Tag Archives: Group Building

Ice Breaker (Poetry)

Ice Breaker (Poetry)

Shared by Gael Grossman

This ice breaker activity uses poetry to get students to work together early in the semester and offers an opportunity to discuss limerick and haiku.

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Book Club Materials

Book Ballot

Ground Rules for Book Clubs

Book Checkout Form

Reading Strategies 101

Reading Strategies 101Filledin

Book Club Reflections 216

The Envelope please

Book Club Final Reflections

Shared by Meagan Newberry

With inspiration from/credit to Harvey Daniels’s Literature Circles

Students formed groups based on the book of their choice (they turn in a top 3 out of a choice of about six—I got a grant to buy sets of book). They met for about 20-30 minutes once a week. They set their own ground rules, after we talked a bit about what makes a group  work, etc. I also spent time on reading strategies (attached, but I use those separately with the whole class, or even in classes without book clubs).The “Book Club Reflections 216” attachment is one example of what I asked them all to do each time they met. I used the honor system and asked them to report if they read or not, and if so, how much. I found that students self-reported pretty accurately, and I simply choose not to police them because I want the crux of this to be reading both for pleasure and the challenge of discussing chosen reading. Most students participate actively and enjoy the process. Of course, a few are always unprepared, and we talk about how to prevent that. For those few, the “grade threat” sadly is what pushes them to try to be prepared. I really hope for intrinsic motivation with this, and for 80% of students, it works really well. I highly recommend a copy of “Literature Circles” or “Mini-Lessons for Literature Circles,” both by Harvey Daniels.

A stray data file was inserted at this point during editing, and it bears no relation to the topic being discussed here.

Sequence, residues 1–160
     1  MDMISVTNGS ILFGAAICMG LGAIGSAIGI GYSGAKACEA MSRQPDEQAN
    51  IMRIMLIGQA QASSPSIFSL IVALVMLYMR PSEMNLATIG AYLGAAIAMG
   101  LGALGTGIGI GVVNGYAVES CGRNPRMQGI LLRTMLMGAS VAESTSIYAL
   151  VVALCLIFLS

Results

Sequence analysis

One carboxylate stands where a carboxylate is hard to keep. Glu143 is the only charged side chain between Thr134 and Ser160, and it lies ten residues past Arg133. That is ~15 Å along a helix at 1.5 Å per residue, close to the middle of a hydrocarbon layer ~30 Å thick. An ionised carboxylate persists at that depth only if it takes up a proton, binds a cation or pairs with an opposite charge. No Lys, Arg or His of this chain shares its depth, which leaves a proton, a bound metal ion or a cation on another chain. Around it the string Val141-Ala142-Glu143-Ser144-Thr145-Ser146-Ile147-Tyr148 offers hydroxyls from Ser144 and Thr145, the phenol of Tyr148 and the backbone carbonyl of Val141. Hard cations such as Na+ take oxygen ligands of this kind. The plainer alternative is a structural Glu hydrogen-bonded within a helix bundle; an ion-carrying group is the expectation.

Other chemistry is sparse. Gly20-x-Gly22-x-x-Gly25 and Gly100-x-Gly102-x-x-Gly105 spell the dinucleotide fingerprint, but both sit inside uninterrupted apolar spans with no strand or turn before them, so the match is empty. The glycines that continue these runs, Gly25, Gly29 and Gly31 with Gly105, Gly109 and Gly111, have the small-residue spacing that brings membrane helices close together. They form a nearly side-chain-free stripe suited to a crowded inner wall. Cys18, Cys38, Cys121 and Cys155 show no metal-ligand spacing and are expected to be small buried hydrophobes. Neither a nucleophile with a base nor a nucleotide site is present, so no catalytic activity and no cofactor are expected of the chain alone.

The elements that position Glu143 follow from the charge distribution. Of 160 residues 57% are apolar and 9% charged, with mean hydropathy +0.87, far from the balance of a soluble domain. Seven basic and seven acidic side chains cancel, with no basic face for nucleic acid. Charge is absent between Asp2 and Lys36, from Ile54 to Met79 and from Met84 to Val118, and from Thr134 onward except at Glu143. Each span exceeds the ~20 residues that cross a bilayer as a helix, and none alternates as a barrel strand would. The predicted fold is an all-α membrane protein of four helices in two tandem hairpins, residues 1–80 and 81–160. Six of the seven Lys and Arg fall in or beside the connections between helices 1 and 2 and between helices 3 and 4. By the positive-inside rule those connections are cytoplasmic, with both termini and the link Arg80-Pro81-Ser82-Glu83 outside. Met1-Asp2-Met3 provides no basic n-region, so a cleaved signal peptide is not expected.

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Name Game

The Name Game

Wach’s “What’s in a Name?

Shared by Sarah Alexander Tsai

By investigating the origins and meanings of their own names, students learn how to blend primary research (especially personal interviews) with focused personal narrative.  Since this fairly low-stakes assignment also functions nicely as a community builder, I like to assign it early on.  Recommended accompanying readings for this assignment are as follows:

  • Bonnie Wach’s “What’s in a Name?”
  • Tom Rosenberg’s “Changing My Name after Sixty Years”
  • Sandra Cisneros’ “My Name”

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Who’s Your Reader? Magazine Audience Activities

magazine audience activity

Shared by Sarah Tsai

I usually bring a diverse collection of magazines to class for these two activities, but online periodicals would work just as well.  The second activity (p. 2) has a surprise buried in it.  Each group/pair of students must swap topics with another group/pair.  They must find a way to make their new topic appeal to the readers of the periodical they’re using.

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